Baseball Crank
Covering the Front and Back Pages of the Newspaper
January 10, 2004
BASKETBALL: The Next Big O

Bill Simmons has a fine column on why LeBron James is the real deal. James still needs a lot of work (biggest weakness: he's averaging almost 4 turnovers a game), but his in-season progress has already been dramatic, and the kid just turned 19 two weeks ago.

I disagree, though, with one assertion in Bill's column:

When LeBron hits his prime, surrounded by quality shooters and big guys who can run the floor, he'll toss up a triple-double for an entire season. Comfortably. We're talking 33/12/13 every night.

The scoring and assists, I can see; in that respect, projecting James as a potential next Oscar Robertson isn't unreasonable, although such projections are always speculative.

LeBron is currently averaging 5.8 boards per game, playing over 40 minutes a night on a crummy team with lots of rebounding opportunities (the Cavs are shooting .427 from the field as a team). That means he has to go a long, long way to 12 boards a night. Most NBA players -- with the exception of specialists like Ben Wallace or slow-developing big men like Patrick Ewing or Kevin Garnett -- enter the league at or near their peak as rebounders. Michael Jordan pulled in 6.5 rebounds/game as a rookie, and only once cleared 7 a game. Larry Bird: 10.4 R/G as a rookie, career high of 11 three years later. Clyde Drexler: 6.0 his second season (his first playing starters' minutes), cleared 7/g twice. Magic Johnson: went up from 7.7 as a rookie to 9.6 two years later, and downhill after that. Robertson himself averaged 10.1 as a rookie and 12.5 his second year, and dropped off after that. If LeBron is a star rebounder in the making, I'll be shocked.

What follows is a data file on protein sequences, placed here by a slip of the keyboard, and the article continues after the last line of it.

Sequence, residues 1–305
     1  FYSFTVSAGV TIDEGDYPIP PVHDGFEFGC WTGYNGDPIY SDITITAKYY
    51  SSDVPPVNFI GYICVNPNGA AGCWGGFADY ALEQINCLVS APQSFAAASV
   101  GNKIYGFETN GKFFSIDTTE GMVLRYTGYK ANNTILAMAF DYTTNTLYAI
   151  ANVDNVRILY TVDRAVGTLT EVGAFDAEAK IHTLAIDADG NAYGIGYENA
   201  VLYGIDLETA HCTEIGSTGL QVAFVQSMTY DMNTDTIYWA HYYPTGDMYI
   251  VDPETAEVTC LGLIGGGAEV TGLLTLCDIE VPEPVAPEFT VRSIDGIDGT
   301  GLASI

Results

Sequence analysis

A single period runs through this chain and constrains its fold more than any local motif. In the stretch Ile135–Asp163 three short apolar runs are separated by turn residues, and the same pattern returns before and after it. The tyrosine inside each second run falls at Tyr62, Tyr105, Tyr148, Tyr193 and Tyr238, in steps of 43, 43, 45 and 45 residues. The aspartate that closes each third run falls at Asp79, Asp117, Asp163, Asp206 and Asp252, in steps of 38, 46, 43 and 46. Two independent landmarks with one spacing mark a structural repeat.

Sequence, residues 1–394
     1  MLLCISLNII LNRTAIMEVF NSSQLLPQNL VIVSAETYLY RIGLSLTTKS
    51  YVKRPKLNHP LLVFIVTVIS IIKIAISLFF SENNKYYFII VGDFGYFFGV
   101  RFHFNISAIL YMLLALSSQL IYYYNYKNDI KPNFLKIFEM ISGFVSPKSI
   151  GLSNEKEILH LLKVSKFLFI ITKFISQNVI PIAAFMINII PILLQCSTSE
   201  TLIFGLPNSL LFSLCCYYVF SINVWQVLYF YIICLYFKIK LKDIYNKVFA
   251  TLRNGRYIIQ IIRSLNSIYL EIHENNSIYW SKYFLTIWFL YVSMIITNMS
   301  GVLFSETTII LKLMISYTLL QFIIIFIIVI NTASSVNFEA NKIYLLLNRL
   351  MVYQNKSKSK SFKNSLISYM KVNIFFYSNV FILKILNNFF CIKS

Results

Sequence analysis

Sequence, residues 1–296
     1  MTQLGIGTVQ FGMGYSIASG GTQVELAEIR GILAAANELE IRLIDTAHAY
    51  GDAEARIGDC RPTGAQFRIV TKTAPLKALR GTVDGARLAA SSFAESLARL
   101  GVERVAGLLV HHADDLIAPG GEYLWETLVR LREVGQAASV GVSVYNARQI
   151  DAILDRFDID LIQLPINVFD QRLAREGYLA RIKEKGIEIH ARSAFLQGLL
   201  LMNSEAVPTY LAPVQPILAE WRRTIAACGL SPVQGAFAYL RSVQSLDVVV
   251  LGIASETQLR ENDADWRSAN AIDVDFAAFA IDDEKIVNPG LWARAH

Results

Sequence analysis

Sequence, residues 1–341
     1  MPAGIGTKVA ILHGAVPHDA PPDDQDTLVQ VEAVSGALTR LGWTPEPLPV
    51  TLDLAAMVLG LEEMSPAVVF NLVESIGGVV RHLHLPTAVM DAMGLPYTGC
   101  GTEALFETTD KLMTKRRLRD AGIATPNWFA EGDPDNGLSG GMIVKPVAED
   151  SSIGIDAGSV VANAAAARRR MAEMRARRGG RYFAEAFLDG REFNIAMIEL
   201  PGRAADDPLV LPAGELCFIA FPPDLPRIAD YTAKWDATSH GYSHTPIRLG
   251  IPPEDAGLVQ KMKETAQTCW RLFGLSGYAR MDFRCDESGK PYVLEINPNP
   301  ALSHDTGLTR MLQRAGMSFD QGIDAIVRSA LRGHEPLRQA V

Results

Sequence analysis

I emailed Bill about this, and he does have his reasoning: LeBron's currently playing guard and playing away from the basket, so he'll get more opportunities to hit the boards when he moves to the frontcourt later in his career; plus, he's just a teenager and still growing. Bill knows more about basketball than I do, and he's seen a lot of LeBron's games, whereas I've only seen highlights. It's true enough that Garnett shows how a skinny teenager can develop into one of the league's best rebounders. But I still think history is against LeBron ever developing into a double-figure rebounder.

Posted by Baseball Crank at 12:02 PM | Basketball | Comments (0) | TrackBack (0)
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